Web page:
On Friday, July 13th, Robert Mueller’s special prosecution team announced an indictment of twelve Russian agents in connection with cyber attacks against us.
The indictment discusses two computer intrusion units in the Russian military. One of these units is associated with actions to publicize private data, and the other unit is associated with attempts to disrupt our election infrastructure. Both of these sets of crimes include violations of federal law – the Computer Fraud and Abuse Act—the CFAA. The defendants in the indictment are charged with two violations of the CFAA: accessing a computer without authorization and obtaining information, and transmitting something that causes damage to a computer.
Information gathering was one focus of the Russian cyber intrusions.According to the indictment, Russian intelligence agencies have been deploying hackers against a variety of systems in the U.S.Arguably the most visible victim is the DNC, which experienced multiple intrusions resulting in the theft of emails and other digital information.Then, posting under names like DCLeaks and Guccifer 2.0, they staged releases of these documents.An unnamed organization – generally assumed to be Wikileaks – is described as working directly with Guccifer 2.0 to release the documents.
When someone wants to break into a computer system, they must find a security vulnerability.In many cases, that security vulnerability is situated right between the chair and the computer keyboard.The indictment alleges that units of the Russian military used spear phishing tactics to obtain passwords or other methods of access. Spear phishing involves sending emails by personalizing them so they appear to be from a trusted source thereby inducing the targeted individuals to reveal confidential information. Once they had access, they installed malware on the computers, including key loggers. That way, the hackers were able to record every keystroke that the user made.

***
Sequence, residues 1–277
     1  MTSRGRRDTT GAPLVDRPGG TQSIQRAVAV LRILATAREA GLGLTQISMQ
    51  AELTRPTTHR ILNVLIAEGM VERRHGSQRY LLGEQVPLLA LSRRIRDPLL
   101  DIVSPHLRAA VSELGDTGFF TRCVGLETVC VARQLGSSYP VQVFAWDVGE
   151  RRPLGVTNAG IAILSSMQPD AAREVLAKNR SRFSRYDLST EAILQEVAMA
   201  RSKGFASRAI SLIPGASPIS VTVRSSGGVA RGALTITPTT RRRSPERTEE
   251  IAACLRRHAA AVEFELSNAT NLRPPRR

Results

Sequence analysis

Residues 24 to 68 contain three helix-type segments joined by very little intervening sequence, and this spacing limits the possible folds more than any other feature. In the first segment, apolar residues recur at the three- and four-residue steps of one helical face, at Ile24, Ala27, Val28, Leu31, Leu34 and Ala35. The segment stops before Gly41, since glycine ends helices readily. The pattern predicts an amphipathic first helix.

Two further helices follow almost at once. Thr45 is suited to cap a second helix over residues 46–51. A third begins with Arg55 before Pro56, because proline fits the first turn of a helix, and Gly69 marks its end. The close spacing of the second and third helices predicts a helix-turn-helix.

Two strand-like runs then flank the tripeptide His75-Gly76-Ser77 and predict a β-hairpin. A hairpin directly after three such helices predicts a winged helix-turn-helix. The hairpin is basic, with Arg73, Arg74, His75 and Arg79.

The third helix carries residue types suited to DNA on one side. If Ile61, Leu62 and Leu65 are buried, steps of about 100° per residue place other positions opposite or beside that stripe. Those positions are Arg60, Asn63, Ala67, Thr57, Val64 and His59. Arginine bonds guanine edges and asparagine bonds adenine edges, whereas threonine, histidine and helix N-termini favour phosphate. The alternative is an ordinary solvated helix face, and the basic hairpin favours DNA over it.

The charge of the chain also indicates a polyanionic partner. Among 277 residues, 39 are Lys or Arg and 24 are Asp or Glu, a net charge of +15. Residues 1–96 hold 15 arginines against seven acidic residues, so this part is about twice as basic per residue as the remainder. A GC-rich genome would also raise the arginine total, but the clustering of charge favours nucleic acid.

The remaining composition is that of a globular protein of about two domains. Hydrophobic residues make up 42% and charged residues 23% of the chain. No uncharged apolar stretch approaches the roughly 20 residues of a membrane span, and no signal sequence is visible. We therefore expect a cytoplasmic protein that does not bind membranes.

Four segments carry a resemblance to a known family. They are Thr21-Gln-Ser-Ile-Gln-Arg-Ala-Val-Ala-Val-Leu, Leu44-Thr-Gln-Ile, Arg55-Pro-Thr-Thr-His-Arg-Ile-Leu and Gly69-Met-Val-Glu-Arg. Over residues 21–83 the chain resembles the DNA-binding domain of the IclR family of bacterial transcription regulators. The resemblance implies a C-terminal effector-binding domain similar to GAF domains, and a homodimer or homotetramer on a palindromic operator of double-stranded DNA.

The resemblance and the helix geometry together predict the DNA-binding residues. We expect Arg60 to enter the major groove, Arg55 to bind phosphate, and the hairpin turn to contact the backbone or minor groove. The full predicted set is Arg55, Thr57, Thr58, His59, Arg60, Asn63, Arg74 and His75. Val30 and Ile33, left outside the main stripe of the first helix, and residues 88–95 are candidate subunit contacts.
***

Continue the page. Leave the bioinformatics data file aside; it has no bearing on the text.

When there is evidence that someone committed a crime, you want to know everyone who interacts with that evidence in the so-called chain of custody.You want the evidence to be in the same shape in court as it was when the crime was committed.An unknown hacker is hardly a reliable link in any chain of custody.When the documents were posted to Wikileaks, journalists immediately started reading them and identifying significant things.But there is no way of ensuring that the hacker didn’t plant dozens or hundreds of little lies throughout the stolen documents.
Another part of the indictment concerns interference with election infrastructure.The indictment refers to an unnamed state board of elections that was the target of a cyber attack by the defendants resulting in the theft of the personal information of about 500,000 voters.In the months following that data breach, some of the defendants also hacked into an American company that makes software to help state and local election boards verify voter registration information.The company is referred to as “Vendor 1.”Some journalists have suggested that this company might be VR Systems.
The indictment also alleges that the defendants used email addresses that resembled Vendor 1 as part of spear phishing campaigns against election officials across the country in November 2016.They used the company’s logo to make the emails seem more legitimate as coming from a company that election officials trust, but the attached Word documents contained malware.It is unknown how many of these spear phishing attempts were successful or what the hackers did when they got access.It’s possible that some of those problems were part of a hacking operation aimed at causing confusion and long lines and lowering voter turnout on election day.
But perhaps the strongest effect that we are experiencing is psychological, as the entire country is concerned about the legitimacy of our political system.